WASHINGTON — The Army successfully held its third precision strike missile test Thursday morning, hitting its close-range target of 85 kilometers, enabling the Army to keep its 2023 fielding deadline on track.
The latest test, at White Sands Missile Range, New Mexico, was “the shortest and most challenging yet,” said Brig. Gen. John Rafferty, director of the Army’s Long Range Precision Fires Cross-Functional Team.
The challenge with shorter distances is energy, Rafferty explained. Once the missile is launched, “it has to start tipping as soon as it comes out of the launcher. We started off with 240 kilometers, went to 180, and now we’re at 85.”
Previous PrSM test-fires were conducted in December and March.
“It was a pretty exciting 91 seconds or so,” Rafferty said about the direct hit from more than 50 miles away – a relatively close range for a missile designed to soar more than 300 miles for a strike.
The latest success leaves the Army “three for three” on PrSM test fires, said Gen. John M. Murray, commander of the Army Futures Command, adding the latest test “performed perfectly” and at “a very nominal flight trajectory.”
The new missile is set to replace the MGM-140 Army Tactical Missile System, or ATACMS, a surface-to-surface missile that has been on the job for nearly four decades.
The PrSM is half the size and will outrange its predecessor. The ATACMS has a maximum firing range of only 300 km – nearly half the range of the PrSM’s 500 km. Both missiles pack the same explosive punch.
Like the ATACMS, the PrSM is designed to fit into the M270 Multiple Launch Rocket System and M142 High Mobility Artillery Rocket System launchers.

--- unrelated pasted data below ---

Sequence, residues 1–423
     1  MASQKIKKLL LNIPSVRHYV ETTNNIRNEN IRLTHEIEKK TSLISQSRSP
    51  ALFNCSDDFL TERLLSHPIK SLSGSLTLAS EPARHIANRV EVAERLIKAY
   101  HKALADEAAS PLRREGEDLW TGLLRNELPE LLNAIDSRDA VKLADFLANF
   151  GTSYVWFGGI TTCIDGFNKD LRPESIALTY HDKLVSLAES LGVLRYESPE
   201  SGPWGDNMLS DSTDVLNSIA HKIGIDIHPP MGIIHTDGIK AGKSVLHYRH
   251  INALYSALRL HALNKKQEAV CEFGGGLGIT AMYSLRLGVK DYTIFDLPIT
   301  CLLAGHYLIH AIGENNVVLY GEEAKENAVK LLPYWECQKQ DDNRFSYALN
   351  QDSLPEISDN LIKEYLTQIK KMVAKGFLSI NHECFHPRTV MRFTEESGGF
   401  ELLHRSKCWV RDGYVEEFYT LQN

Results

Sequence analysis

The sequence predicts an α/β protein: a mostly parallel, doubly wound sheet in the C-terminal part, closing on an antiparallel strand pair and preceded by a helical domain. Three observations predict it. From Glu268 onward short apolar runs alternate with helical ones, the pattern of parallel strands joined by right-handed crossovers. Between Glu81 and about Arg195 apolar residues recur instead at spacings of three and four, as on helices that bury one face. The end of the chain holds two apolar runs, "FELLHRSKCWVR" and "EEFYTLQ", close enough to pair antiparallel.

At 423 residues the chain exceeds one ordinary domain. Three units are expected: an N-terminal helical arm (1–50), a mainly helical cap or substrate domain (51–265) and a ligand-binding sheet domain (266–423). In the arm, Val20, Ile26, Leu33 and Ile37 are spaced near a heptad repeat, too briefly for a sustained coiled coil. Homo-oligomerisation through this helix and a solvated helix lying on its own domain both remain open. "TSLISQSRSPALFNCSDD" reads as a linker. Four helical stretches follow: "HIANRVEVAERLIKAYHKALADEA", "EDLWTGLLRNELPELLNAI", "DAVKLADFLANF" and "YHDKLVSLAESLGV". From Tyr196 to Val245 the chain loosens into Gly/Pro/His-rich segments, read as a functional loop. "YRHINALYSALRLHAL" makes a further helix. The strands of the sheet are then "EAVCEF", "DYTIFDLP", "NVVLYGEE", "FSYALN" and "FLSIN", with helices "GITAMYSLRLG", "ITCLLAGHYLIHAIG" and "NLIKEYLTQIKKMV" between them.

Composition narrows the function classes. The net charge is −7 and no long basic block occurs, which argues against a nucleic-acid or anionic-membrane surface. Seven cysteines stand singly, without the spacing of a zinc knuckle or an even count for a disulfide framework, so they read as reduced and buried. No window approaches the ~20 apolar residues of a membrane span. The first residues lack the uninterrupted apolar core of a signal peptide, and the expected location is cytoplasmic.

Next year, three additional long-range tests are set to push the PrSM even further. In all, the Army will fire four PrSM missiles in 2021, with one test firing two missiles in sequence. Right now, only Lockheed Martin is vying for a contract.
By 2023, the Army plans to field the PrSM. However, the initial supply is designed to hit stationary targets, like airfields, Murray said. By 2025, the Army plans to field an upgrade capable of destroying moving targets.
Looking even further ahead, a “600 to 700 km [missile] is entirely possible,” Rafferty said, “but we’ve got a long way to go with rocket technology in this form factor” as officials plan to stay with the current launchers in the HIMARS and MLRS fleets.
“We’re not investing in a new fleeting of launchers,” Murray said. “We’re getting two missiles in the same pod that our current missile go into, so we’re actually doubling the load-out of our current fleet with this missile technology.”
Because of this, not only will it save money, but Soldiers shifting from the ATACMS system will transition smoothly, Murray said, since much of the same software, computers, and platforms will be used.
From “the outside looking in,” Murray added. “It’s exactly the same.”
This article was originally published on May 1, 2020, by the U.S. Army.